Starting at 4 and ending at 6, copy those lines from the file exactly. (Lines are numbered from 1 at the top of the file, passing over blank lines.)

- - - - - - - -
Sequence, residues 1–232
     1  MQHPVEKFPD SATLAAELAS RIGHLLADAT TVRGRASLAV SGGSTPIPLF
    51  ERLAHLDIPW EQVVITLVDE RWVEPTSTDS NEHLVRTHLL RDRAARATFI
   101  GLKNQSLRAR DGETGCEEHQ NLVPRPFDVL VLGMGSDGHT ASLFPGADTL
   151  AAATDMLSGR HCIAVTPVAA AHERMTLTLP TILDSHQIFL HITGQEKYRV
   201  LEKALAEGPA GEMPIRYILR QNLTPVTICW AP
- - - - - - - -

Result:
   101  GLKNQSLRAR DGETGCEEHQ NLVPRPFDVL VLGMGSDGHT ASLFPGADTL
   151  AAATDMLSGR HCIAVTPVAA AHERMTLTLP TILDSHQIFL HITGQEKYRV
   201  LEKALAEGPA GEMPIRYILR QNLTPVTICW AP